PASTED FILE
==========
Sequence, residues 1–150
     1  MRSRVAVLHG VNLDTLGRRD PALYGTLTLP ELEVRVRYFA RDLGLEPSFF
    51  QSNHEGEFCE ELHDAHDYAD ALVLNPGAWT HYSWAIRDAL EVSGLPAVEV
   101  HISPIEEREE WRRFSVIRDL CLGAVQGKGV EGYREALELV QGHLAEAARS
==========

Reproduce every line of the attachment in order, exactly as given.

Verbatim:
Sequence, residues 1–150
     1  MRSRVAVLHG VNLDTLGRRD PALYGTLTLP ELEVRVRYFA RDLGLEPSFF
    51  QSNHEGEFCE ELHDAHDYAD ALVLNPGAWT HYSWAIRDAL EVSGLPAVEV
   101  HISPIEEREE WRRFSVIRDL CLGAVQGKGV EGYREALELV QGHLAEAARS